But as noted elsewhere, we are having another bumper crop of wild grapes and several friends have been harvesting them.  I'm not making any more jelly...still have some left from three years ago...and one of aforementioned friends has now gifted us with several jars.  However, I did taste the grapes a couple of days ago and was pleasantly surprised at how much sweeter...well, less excruciatingly tart...they had become.  I think we'll gather some and make some grape juice in a couple of weeks.  Maybe even after the first frost. 

 

We do have 2 apple trees in the back yard.  The Northern Spy is dying and gave up only one apple this year, but the Mac produced another bumper crop.  Am giving them away like mad, including to a neighbor who feeds them to her Black Angus cattle.  And still we have at least 19 trees on the property (counted by the previous owner going back at least 26 years) and many of them are producing great quantities of apples...most of them not incredibly tasty.  Here's the bounty on the ground of one tree which sometimes tastes very good...but mostly is fairly bland with a heavy peel.  The dogs munch on them on the way by on our daily walk.  There are still many dozens left on the tree.  

DSC02915.thumb.JPG.4cf2d323a28d027b8cfb0d626e1ba06c.JPG

 

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Darienne

 

learn, learn, learn...

 

Life in the Meadows and Rivers

Cheers & Chocolates

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47 minutes ago, TicTac said:

Hopefully everybody’s foraging season has been bountiful. Up here in southern Ontario thanks to the autumn rains we have had an unreal season for mushrooms…


finally found Boletes!  
 

and did you know there were female boletes too?!

 

LOL

 

 

 

Oooh, those look great.  I have lots of unfamiliar stuff growing on the property but sadly I've been lazy on how/where to identify edibles.   You're inspiring me though! 

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That wasn't chicken

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  • 1 month later...

All around my block there are numerous "feral" apple trees, many of which produce very good apples. I have my few favorite trees that I visit regularly in season.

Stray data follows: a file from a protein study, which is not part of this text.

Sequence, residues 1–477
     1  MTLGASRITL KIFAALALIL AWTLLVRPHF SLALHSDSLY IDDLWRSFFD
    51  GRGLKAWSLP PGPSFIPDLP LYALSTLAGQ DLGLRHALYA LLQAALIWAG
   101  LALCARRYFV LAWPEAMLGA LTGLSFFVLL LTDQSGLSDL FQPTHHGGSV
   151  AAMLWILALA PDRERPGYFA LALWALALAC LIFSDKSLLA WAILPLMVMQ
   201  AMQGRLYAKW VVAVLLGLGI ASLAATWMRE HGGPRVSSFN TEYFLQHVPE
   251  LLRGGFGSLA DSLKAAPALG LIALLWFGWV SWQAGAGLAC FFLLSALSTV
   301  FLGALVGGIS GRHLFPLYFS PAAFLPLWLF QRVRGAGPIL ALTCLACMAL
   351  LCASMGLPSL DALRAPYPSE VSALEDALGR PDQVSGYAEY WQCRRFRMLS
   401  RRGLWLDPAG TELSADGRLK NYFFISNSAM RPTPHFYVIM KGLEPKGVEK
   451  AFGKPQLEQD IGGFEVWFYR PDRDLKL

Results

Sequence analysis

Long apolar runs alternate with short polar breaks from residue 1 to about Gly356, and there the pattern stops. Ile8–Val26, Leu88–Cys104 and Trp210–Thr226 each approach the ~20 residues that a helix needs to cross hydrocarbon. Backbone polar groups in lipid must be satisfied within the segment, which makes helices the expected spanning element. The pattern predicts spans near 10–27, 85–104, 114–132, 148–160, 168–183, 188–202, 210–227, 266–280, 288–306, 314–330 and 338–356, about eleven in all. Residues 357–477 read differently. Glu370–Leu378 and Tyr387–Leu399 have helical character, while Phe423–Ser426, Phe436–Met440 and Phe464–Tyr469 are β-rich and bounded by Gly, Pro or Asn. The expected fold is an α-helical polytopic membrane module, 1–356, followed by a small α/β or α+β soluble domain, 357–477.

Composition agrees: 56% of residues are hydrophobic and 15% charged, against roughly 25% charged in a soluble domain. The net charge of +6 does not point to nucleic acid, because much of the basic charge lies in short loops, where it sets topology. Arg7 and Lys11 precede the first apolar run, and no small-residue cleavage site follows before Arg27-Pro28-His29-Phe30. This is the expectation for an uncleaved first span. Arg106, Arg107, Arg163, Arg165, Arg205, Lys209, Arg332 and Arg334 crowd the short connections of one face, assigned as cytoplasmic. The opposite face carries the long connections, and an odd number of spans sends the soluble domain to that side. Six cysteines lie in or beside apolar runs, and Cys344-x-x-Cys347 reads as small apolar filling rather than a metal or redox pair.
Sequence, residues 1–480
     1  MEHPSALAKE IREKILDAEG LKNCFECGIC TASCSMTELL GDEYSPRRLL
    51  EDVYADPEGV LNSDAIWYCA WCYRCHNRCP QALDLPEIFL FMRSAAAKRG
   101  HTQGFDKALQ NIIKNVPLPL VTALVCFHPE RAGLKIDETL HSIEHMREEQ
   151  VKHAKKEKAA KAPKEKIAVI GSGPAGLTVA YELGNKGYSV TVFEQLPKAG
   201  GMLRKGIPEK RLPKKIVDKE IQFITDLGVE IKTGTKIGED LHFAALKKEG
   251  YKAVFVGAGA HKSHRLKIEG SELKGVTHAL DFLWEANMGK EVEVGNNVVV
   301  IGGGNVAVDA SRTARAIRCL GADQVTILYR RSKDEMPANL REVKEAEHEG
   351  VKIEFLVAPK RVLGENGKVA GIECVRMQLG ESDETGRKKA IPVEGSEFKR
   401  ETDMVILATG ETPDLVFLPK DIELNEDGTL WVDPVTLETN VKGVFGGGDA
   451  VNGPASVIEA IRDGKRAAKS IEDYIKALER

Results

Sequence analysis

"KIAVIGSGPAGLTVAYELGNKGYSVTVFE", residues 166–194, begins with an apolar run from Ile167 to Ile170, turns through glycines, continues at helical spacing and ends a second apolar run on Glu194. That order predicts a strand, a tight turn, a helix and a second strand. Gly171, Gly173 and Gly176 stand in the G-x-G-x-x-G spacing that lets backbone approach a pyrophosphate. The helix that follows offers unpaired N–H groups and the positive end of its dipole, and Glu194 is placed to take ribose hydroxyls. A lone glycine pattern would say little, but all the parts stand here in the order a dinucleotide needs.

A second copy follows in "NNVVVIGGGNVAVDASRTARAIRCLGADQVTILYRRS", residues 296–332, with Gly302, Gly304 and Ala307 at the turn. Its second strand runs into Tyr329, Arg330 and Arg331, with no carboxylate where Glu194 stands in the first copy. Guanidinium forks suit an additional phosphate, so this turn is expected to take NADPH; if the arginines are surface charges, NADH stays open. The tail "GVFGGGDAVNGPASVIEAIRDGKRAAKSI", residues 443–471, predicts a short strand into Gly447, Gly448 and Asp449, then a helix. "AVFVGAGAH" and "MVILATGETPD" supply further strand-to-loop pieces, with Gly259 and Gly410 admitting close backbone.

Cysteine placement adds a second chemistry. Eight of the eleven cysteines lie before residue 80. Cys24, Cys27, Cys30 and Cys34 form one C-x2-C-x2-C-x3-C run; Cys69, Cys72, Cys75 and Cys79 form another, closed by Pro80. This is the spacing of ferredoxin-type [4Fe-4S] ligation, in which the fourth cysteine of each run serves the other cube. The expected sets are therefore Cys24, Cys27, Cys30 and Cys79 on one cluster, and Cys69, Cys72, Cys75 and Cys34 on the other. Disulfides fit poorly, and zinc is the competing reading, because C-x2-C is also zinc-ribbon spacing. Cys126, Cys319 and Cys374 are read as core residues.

One tree I've generally ignored, because its apples are so tannic as to be inedible. Seriously, it's like chewing on a teabag. I can only assume it's a variety that was used for cider (really tannic apples, colloquially called "spitters" 'cause that's what you'll do if you bite into one, lend some complexity to a cider). Yesterday, noticing that most of the apples were still on the tree despite the lateness of the season, I decided to see whether they'd been altered by surviving a few frosts.

 

To my pleased surprise, they're now a delightful eating apple...crisp and sweet, but still with a hint of tannins underneath. I'm eating one right now as I type this, and will probably go back for another few pounds while they last.

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“Who loves a garden, loves a greenhouse too.” - William Cowper, The Task, Book Three

 

"Not knowing the scope of your own ignorance is part of the human condition...The first rule of the Dunning-Kruger club is you don’t know you’re a member of the Dunning-Kruger club.” - psychologist David Dunning

 

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  • 6 months later...

A couple of years ago (pre-covid) I went foraging for asparagus with my BIL.  Never having done this before, I was surprised by how easy it was.  We would just drive down a few country roads, stop, go down into the ditches and their sides, and pick away.  I was speaking with my sister the other day and they have already been enjoying foraged asparagus.

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57 minutes ago, TicTac said:

Made my morning (and month!). Can check off ‘finding morels in the wild’ off my Bucket list! 
 

1FAF5579-BB20-4769-BB6E-69F5AC1D7831.thumb.jpeg.c9acfdf2e7c05058f244a828ad40607e.jpeg

Everything is late this year on the farm.  I'll start looking for Morels this afternoon.   Some years we have none however.

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Darienne

 

learn, learn, learn...

 

Life in the Meadows and Rivers

Cheers & Chocolates